Between Relating and Use (2018, Argentina/USA, 9 min, 16mm)
Shape of a Surface (2017, Turkey, 9 min, 16mm)
Solitary Acts (4,5,6) (2015, USA, 11 min, 16mm)
Untitled (2016, USA, 12 min, Digital)
Instructions on How to Make a Film (2018, USA , 13 min, 16mm)
Nazlı Dinçel in attendance!
Among the various concerns that inform the films of Turkish-born, US-based artist and filmmaker Nazlı Dinçel is a recurring interest in touch. Working exclusively on 16mm film – with the material frequently accented by hand-scratched interventions – Dinçel's intimate and beguiling work returns repeatedly to images and themes of intimacy, her films populated by bodies seen most often in fragments, both isolated and in embrace.
With a poetic form that manages to be erudite while never staid and confessional while never narcissistic, Dinçel's films present sex, desire, and modes of exploration to be variously pleasurable and pained, sites where trauma sits alongside ecstasy. This program includes a selection of films produced since 2015, including the Toronto Premiere of several recent works.
Tuesday 12 February 2019
Doors 6:30 PM | Screening 7:00 PM
$7 General Admission | $5 Students
Jackman Hall (317 Dundas St W.) - McCaul Street Entrance
Co-presented by cléo journal
Nazlı Dinçel’s hand-made work reflects on experiences of disruption. She records the body in context with arousal, immigration, dislocation and desire with the film object: its texture, color and the tractable emulsion of the 16mm material. Her use of text as image, language and sound imitates the failure of memory and her own displacement within a western society. Born in Ankara, Turkey, Dinçel immigrated to the United Sates at age 17. Dinçel resides in Milwaukee, WI where she is currently building an artist run film laboratory. She obtained her MFA in filmmaking from UW-Milwaukee. Her works have been exhibited in numerous venues around the world including Tiger Shorts competition at IFFR, NYFF, BAFICI, EIFF and HKIFF.
She recently won the Helen Hill Award at the 2018 Orphan Film Symposium, the Eileen Maitland Award at the 2018 AAFF, Jury Awards at 2018 ICdocs and MUFF for Between Relating and Use (2018)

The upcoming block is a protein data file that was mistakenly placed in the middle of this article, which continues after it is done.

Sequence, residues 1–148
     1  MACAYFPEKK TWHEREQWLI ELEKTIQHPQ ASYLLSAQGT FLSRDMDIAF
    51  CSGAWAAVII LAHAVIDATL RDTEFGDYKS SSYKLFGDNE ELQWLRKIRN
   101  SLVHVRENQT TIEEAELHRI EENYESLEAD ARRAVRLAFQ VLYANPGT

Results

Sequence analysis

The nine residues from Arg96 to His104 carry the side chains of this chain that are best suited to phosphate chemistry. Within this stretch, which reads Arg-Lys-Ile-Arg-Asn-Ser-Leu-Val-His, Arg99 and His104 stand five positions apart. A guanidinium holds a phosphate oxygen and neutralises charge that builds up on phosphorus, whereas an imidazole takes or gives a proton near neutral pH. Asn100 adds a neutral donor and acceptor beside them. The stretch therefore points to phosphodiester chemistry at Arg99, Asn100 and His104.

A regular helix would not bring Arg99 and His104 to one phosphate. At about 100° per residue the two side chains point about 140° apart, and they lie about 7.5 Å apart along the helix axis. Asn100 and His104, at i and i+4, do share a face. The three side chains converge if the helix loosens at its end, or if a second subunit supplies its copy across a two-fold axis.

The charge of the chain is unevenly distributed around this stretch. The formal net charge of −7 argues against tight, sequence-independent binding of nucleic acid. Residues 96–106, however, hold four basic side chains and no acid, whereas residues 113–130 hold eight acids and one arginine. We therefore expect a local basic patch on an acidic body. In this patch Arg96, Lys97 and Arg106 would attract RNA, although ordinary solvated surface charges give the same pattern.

In addition to exhibiting with institutions, Dinçel avidly self-distributes and tours with her work in micro-cinemas, artist run laboratories and alternative screening spaces in order to support and circulate handmade filmmaking to communities outside of institutions.
Elena Gorfinkel is Senior Lecturer in Film Studies at King’s College London. She is the author of Lewd Looks: American Sexploitation Cinema in the 1960s (Minnesota, 2017) and co-editor of Global Cinema Networks (Rutgers, 2018) and Taking Place: Location and the Moving Image (Minnesota, 2011). Her research on sexuality, embodiment, women’s film practice, and marginal cinemas appears in Camera Obscura, Cinema Journal/JCMS, Screen, Framework, Discourse, Jump Cut, World Picture. She also writes criticism for Sight & Sound and Art Monthly.
Recalcitrant Objects, Carnal Subjects: On Nazlı Dinçel’s Cinema
By Elena Gorfinkel
Creased, sun-drenched, sweating skin, crushed flower petals and stamens, a stabbed pomegranate bleeding juice, peeled fingernail polish, sexual organs in states of arousal and tumescence, lipstick slathering lips till it covers the teeth, fingers digging into dirt and excavating loam, an inverted open mouth holding a mirror, marble torsos animated by refraction, tremulous flesh tenderly exposed for the camera. The material heft of Nazlı Dinçel’s films bespeak an embodiment that suffers vulnerability and roughness, its materiality seductive in its raggedness as much as its smoothness. Dinçel’s cinematic sensorium is neither romantic nor idealist. She instead investigates the image’s textured obstinacy. Born in Ankara, Turkey, Dinçel has lived and worked in the United States from the age of seventeen. Her practice is informed by this experience of emigration, and fuses an interest in the affects of displacement with the disorientations of female desire, thus contending with the recalcitrance of the flesh when it crosses paths with the camera’s gaze. What does it mean to film bodies in a way that foregrounds their objectness, both from the position of the object’s subjugation and of that same object’s animacy, insolence and refusal?